Lemons, with their bright, cheerful appearance and light, citrusy flavor, seem to sing summertime: think lemonade, lemon sorbet, lemon-blueberry anything. This fruit is so versatile, however, and so complementary to cool (cucumber, cilantro) as warm (ginger, cardamom) flavors, that neglecting to capitalize of their tart, sweet nature in winter-time baking would be a shame. Every Christmas I use lemons for such family favorites as lemon bars (which for some reason I tend to make only at Christmas time – maybe to keep their special status as a family Christmas tradition) and for lemon curd to accompany gingerbread or as a filling for chestnut cake. Lemon curd is available in grocery stores; however, like other commercially produced products, the store-bought lemon curd companies unfavorably to home-made lemon curd. Thankfully lemon curd is super easy to make, and it’s a delicious, naturally gluten-free foods. All you need is some eggs, lemons, sugar, and butter to make a lemon curd that can be used as a filling for cakes, tarts, crepes, cookies, or just for eating straight by itself!
When you shop for lemons, choose fruit that feels heavy for its size, is bright in color, and has few blemishes. Unless the your grocery store states otherwise, the lemons are probably waxed and you need to wash them thoroughly before you zest the skin. I can find only lemons that have blemishes and are pale in color, perhaps because of where I live; however, I choose the best of the bunch and they always work out ok.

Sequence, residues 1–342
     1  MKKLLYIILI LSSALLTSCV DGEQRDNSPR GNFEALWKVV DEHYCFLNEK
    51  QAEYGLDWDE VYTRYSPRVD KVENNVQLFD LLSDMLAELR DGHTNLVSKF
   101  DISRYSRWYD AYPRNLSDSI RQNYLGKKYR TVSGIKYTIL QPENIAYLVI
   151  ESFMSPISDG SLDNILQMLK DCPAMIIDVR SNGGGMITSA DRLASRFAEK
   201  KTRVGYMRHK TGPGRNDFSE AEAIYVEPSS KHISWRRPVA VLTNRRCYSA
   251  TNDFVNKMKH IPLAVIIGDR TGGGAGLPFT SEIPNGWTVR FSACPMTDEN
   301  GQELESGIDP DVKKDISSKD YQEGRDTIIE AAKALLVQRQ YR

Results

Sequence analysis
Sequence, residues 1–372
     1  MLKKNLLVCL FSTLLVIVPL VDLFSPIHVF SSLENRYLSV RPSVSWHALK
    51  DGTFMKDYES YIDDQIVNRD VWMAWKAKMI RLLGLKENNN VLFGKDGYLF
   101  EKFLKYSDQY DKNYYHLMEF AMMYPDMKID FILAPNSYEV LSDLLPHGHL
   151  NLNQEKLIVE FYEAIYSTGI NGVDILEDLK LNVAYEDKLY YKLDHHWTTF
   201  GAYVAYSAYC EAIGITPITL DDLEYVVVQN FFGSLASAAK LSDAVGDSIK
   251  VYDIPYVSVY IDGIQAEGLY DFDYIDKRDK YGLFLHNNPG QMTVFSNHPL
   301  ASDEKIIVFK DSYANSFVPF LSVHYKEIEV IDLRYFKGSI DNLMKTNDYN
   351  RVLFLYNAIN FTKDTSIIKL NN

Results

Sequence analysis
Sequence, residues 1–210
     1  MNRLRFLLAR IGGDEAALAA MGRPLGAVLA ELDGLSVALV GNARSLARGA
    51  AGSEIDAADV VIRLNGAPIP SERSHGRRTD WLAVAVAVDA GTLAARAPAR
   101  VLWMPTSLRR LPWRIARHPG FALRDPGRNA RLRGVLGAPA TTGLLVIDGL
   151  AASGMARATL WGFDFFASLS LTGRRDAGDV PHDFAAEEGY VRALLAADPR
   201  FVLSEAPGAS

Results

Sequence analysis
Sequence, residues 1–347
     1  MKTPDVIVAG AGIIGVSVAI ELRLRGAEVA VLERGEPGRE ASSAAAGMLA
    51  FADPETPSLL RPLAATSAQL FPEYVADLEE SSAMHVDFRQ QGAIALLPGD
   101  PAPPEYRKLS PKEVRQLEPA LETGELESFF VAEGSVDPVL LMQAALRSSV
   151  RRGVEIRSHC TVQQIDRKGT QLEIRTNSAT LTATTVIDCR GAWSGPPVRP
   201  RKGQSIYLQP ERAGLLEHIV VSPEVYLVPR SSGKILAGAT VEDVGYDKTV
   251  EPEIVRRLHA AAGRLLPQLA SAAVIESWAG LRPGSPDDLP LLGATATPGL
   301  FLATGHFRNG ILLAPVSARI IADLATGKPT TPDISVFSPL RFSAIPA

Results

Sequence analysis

The trick to making lemon curd with a silky smooth texture is to cook it slowly enough, and on a low enough temperature, to prevent the eggs from curdling while you cook the curd. One way to prevent curdling is to cook the curd over water that’s just, but not quite, simmering. Waiting for the curd to thicken while you stir it constantly takes a little while, but if you cook it in a double boiler you’ll prevent the eggs from curdling. If you don’t have a double boiler, just place the smaller pot with the lemon curd ingredients inside a pot with the barely simmering water. Lemon cured needs to be strained after it’s thickened, even if it doesn’t curdle. Straining it removes much of the zest and leaves a smoother, creamier curd.
Lemon curd, naturally gluten-free, adds a pleasing tangy sweetness to cakes, cookies, tarts, and other dishes in which its used as a filling. It's also delicious just eaten by itself!
- 1/2 cup freshly squeezed lemon juice (about 3 lemons)
- 1/2 cup sugar
- 4 egg yolks
- 2 whole eggs
- Zest of one lemon
- 6 tablespoons butter cut into pieces
Using a microplane zester, zest the peel of one lemon. Juice three lemons to get 1/2 cup of lemon juice. In a double boiler over barely simmering water, place the lemon zest, lemon juice, sugar, egg yolks, and whole eggs. Whisk or stir the mixture constantly over barely simmering water until the mixture begins to thicken. When the mixture brightens in color and thickens enough to coat the whisk or spoon, remove it from the heat and add the butter. Stir curd until all the butter is melted and well-blended into the curd. Place a fine mesh strainer over a bowl. Using a spoon or rubber spatula, press the curd through the sieve into the bowl, to remove the zest and any egg that may have curdled while the curd cooked. Press a piece of plastic wrap onto the surface of the curd, to prevent a skin from forming while the curd cools. Let the curd cool to room temperature. Once it cools, use the curd immediately or refrigerate for later use.